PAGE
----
I spoke to a friend of mine who is an economics professor at Stanford. He said that he crunched some numbers and that the $700 billion dollar bailout would come to a $9,000 bill to every household in the US. He said that the Savings and Loan "bailout" was structured as a loan to the banks and that the loans got repaid eventually with interest so we taxpayers did not end up losing money. He said his expertise is in employer/labor economics but in talking with his colleagues at Stanford, there was consensus that the "bailout" currently on the table was the wrong approach. He said that we have a good system for bankruptcy and we ought to let the banks declare bankruptcy and then work their way through the process. If that doesn't work, then there's time down the line for some kind of bailout.
Can't say I understand it very well. But I was very happy to sign a petition put out by Credo, my phone service, and write emails to Congress with their points - more a reflection of my outrage at the high-rollers than my knowledge of how to orchestrate the financial steps.
"1. If the taxpayers are shouldering the risk, the taxpayers should reap any eventual benefits. We accomplish this by giving the government an equity stake in every company we bail out proportionate to the amount we give them.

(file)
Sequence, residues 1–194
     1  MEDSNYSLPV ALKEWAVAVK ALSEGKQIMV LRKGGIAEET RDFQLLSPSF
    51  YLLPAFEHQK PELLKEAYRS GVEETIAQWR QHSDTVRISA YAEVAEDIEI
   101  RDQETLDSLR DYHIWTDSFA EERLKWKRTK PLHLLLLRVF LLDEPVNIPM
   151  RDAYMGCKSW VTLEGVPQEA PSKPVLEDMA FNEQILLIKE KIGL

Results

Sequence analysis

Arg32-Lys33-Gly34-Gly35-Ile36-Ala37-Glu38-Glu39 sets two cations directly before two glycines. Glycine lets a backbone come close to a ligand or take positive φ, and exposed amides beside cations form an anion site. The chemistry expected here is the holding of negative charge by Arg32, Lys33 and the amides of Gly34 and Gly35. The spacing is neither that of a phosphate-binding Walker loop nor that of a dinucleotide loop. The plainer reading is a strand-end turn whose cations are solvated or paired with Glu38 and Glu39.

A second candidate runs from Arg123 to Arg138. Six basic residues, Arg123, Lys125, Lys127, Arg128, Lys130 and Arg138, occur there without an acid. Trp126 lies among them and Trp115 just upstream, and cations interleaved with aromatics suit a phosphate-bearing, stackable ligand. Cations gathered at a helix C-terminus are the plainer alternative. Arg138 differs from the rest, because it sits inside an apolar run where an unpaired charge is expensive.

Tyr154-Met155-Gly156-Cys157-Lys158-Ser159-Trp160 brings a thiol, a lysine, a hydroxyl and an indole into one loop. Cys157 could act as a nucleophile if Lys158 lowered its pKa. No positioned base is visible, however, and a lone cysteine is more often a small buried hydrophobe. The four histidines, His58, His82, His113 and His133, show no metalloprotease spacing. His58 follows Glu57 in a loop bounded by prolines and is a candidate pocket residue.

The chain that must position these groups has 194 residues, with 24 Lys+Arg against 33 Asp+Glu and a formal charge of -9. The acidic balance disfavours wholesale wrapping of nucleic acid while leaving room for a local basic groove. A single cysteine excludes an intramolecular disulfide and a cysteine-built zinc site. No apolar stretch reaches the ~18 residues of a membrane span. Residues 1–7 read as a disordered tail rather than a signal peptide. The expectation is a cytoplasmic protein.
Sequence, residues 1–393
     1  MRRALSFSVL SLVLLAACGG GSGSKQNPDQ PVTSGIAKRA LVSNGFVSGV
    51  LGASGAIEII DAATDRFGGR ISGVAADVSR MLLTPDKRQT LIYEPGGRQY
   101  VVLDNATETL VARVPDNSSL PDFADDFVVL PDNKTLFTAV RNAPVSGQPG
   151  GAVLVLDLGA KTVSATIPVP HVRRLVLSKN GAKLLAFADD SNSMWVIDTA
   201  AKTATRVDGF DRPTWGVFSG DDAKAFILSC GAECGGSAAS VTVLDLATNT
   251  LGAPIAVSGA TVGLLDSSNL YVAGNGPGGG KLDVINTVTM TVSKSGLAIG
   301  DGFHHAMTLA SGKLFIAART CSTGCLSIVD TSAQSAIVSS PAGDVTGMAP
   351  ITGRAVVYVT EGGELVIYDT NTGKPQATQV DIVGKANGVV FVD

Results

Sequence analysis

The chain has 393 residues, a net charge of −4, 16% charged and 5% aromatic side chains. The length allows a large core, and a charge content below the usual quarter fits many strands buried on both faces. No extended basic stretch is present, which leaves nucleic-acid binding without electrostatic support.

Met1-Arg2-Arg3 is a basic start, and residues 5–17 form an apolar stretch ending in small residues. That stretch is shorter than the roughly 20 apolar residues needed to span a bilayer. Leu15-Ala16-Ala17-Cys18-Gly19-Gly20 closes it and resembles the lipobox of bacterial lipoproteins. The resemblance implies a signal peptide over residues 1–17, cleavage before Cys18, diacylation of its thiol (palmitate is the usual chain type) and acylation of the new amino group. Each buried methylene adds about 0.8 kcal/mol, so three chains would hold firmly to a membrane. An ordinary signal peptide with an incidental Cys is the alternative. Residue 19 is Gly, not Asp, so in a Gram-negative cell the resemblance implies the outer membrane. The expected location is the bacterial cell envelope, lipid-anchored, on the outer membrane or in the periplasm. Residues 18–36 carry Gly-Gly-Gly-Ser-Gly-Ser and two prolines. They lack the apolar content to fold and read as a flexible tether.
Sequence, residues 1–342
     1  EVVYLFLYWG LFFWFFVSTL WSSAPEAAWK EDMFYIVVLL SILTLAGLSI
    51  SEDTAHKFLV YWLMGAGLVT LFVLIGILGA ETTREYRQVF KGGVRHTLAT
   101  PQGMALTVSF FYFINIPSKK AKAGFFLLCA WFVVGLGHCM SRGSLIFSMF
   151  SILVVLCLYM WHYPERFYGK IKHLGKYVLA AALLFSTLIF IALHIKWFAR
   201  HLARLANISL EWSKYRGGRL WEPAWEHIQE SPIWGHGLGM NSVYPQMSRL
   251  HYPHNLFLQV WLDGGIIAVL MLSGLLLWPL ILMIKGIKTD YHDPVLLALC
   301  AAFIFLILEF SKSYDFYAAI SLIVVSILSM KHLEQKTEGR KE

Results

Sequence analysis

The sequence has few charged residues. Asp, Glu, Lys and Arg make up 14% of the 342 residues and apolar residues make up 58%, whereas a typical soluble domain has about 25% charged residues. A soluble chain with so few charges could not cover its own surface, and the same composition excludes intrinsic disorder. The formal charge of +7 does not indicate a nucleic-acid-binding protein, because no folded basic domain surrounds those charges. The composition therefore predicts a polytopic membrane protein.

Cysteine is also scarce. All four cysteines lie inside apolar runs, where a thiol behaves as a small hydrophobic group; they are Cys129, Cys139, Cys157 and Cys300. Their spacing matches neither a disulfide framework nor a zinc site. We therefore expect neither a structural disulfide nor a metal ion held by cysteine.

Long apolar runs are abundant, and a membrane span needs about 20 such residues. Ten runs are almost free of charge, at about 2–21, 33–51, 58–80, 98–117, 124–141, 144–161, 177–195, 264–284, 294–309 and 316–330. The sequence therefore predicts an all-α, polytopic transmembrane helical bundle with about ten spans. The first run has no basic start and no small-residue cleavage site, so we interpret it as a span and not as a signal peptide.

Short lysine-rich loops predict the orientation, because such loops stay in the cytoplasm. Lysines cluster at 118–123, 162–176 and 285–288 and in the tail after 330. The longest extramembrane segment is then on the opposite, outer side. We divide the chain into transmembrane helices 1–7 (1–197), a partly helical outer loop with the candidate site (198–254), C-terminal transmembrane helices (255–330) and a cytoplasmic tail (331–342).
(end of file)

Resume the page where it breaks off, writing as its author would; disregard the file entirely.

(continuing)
2. If we're paying (more than) our fair share, the CEOs and executives should have to, too. All of the fat cats who got us into this mess should relinquish their stock options and salaries until they start showing us, their investors, that they can once again be profitable. Future salaries should be linked to profitability.
3. No more campaign contributions from Wall Street executives and PACs. Taxpayer dollars should be used to get our nation out of a crisis. They cannot be used to fund giant, powerful lobby operations that will be used to strong arm Congress into making bad policy.
4. Better regulations start right now. Wall Street can't expect to take thousands of dollars out of your paycheck without agreeing to increased transparency and more stringent oversight - the kind that might have helped avoid this mess to begin with.
5. Bankruptcy judges get broader leeway to help homeowners. Why should we lose our homes so the CEOs can keep theirs?"